Emboldened, Republicans predict Dem Doomsday for 2012
Friday, November 5th, 2010
Such was the veiled threat that McConnell, the Republican Senator from Kentucky, aimed at Democrats after Tuesday’s election results. It reflected the message that most Republicans seem to be sending out — the Dems should be prepared for some changes and, if they don’t change, they should prepare to lose big in 2012.
After two years of a Democratic-controlled Congress, Republicans picked up at least 60 seats in the House of Representatives Tuesday night, gaining the majority there, while they narrowed the Dems’ majority in the Senate by picking up six seats. While incumbent Barbara Boxer (D-CA) was able to keep her seat and majority leader Harry Reid (D-NV) was saved from an embarrassing defeat, incumbent Senator Blanche Lincoln (D-AR), who has been in the Senate since 1998 and served in the House before that, lost to her Republican opponent.
President Obama, in a press conference on Wednesday, called the results “humbling.” He said he’d been “reflecting” and acknowledged that his administration had to do a better job of getting things done. Still, he didn’t concede failure, claiming that his administration has made the right decisions, but that the effects of those decisions have yet to be felt by most Americans.
The Republicans, however, were singing a different tune. They took their victory in the House as a sign that voters have “rejected” the Democratic agenda and Obama’s far-reaching policies, and they already seem to be predicting bigger gains in the 2012 elections.
But just because the map turned a bit redder Tuesday night doesn’t mean the Republicans should get big heads. One of the biggest issues for Americans right now is the economy, and how that changes in the next two years will have an enormous effect on the next elections. If the economy improves, it will definitely increase the Dems’ chances of surviving 2012. But, as Ruy Teixeira, an elections analyst at the Center for American Progress, puts it, “If there’s absolutely no improvement in the economy, Republicans can run a puppy dog for president in 2012 and have a chance to win.”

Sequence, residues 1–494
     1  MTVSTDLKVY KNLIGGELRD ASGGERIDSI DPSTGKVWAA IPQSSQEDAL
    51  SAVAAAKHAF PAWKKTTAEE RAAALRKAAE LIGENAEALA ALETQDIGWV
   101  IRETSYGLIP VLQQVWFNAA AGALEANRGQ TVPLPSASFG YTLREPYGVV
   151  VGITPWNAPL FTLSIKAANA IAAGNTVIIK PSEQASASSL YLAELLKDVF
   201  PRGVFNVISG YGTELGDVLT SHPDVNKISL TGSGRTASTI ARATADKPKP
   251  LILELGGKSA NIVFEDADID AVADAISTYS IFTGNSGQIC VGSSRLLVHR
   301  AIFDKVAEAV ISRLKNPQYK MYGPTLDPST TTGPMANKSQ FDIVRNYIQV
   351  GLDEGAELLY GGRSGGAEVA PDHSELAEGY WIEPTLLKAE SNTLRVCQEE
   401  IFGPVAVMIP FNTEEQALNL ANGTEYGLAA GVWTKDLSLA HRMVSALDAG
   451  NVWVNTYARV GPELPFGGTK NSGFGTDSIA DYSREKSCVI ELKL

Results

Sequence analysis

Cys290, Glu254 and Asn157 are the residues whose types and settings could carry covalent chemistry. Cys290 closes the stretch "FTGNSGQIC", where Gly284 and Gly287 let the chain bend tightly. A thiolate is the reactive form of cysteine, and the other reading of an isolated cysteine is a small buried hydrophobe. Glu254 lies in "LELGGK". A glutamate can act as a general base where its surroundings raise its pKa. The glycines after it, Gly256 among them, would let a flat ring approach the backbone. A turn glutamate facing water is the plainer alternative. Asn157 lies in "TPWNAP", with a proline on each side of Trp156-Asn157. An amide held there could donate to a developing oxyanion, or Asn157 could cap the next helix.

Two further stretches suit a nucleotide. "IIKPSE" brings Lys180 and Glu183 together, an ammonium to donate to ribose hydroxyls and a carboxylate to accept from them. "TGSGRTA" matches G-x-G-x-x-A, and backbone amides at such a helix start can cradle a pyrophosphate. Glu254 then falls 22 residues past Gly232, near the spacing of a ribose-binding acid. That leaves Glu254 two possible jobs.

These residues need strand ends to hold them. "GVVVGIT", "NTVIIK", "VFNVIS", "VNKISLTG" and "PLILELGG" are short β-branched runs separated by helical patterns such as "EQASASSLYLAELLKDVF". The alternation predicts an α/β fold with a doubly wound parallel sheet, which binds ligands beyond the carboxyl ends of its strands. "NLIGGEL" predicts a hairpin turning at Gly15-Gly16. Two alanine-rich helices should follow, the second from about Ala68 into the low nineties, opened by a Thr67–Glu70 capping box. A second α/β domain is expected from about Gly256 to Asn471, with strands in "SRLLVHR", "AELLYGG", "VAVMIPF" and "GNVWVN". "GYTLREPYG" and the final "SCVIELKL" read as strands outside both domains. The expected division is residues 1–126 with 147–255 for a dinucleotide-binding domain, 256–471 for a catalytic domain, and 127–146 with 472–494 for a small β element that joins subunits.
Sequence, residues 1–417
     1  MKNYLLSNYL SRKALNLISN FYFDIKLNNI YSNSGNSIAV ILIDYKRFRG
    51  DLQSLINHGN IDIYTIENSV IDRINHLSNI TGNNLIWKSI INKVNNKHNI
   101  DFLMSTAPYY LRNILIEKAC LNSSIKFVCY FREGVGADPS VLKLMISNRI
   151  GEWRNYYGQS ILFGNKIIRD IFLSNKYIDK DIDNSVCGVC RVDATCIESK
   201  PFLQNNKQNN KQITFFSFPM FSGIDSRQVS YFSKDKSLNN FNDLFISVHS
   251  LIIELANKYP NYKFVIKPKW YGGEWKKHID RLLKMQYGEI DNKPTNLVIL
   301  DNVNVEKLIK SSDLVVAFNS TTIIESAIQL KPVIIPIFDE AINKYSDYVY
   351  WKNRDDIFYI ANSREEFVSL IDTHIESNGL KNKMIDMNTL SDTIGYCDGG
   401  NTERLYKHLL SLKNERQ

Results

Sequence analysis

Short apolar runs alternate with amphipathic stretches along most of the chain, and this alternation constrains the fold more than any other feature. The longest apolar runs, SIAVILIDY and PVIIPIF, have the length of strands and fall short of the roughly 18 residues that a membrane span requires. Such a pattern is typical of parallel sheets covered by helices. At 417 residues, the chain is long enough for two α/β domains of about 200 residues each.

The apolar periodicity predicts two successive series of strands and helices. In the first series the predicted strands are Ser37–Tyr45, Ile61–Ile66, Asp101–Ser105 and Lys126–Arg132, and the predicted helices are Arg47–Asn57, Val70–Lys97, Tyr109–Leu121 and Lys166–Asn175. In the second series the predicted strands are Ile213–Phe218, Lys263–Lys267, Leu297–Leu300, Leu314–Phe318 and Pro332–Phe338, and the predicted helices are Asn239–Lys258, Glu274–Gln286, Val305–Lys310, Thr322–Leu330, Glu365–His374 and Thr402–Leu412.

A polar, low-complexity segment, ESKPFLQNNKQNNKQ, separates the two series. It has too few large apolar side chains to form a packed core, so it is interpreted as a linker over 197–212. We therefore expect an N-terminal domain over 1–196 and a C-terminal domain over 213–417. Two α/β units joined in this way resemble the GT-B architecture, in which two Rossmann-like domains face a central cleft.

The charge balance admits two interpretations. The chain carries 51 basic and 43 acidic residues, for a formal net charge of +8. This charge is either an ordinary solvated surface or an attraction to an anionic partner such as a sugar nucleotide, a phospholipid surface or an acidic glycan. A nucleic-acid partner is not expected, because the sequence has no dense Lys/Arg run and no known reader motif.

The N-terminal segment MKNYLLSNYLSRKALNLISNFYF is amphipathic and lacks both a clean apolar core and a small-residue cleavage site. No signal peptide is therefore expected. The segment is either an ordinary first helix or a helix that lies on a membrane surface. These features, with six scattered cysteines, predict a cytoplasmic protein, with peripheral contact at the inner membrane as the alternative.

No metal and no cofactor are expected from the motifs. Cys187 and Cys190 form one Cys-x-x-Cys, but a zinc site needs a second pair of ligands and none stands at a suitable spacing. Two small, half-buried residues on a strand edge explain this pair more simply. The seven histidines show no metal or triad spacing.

Of course, other factors will contribute to the next election cycle as well — especially gridlock in Washington, which seems an even bigger possibility after Tuesday’s results. While both Democrats and Republicans have expressed a desire to reach across the aisle and work together for the next two years, there’s some threatening undertones to their words — especially coming from the Republicans, who seem to think they’ve gained the upper hand. They’ve especially been voicing their determination to repeal the health care legislation, or ObamaCare, as they call it, something that would represent a huge setback for Obama.
The next two years will certainly be a challenge for the President, who, since his inauguration, was lucky enough to work with an all-Democratic Congress. Even then, though, it wasn’t easy to push legislation through — so it will be interesting to see how the newly-red House will receive Obama’s ambitious agenda. We can probably expect a number of compromises to weaken the Dems’ legislation.
How Obama and the Republicans will work together is going to determine what happens in 2012. Voters have made it clear that they want to see change, but the combination of a Republican House, Democratic Senate and Democratic President seems to be a recipe for bipartisan battles that will allow little to get accomplished.
More by this Author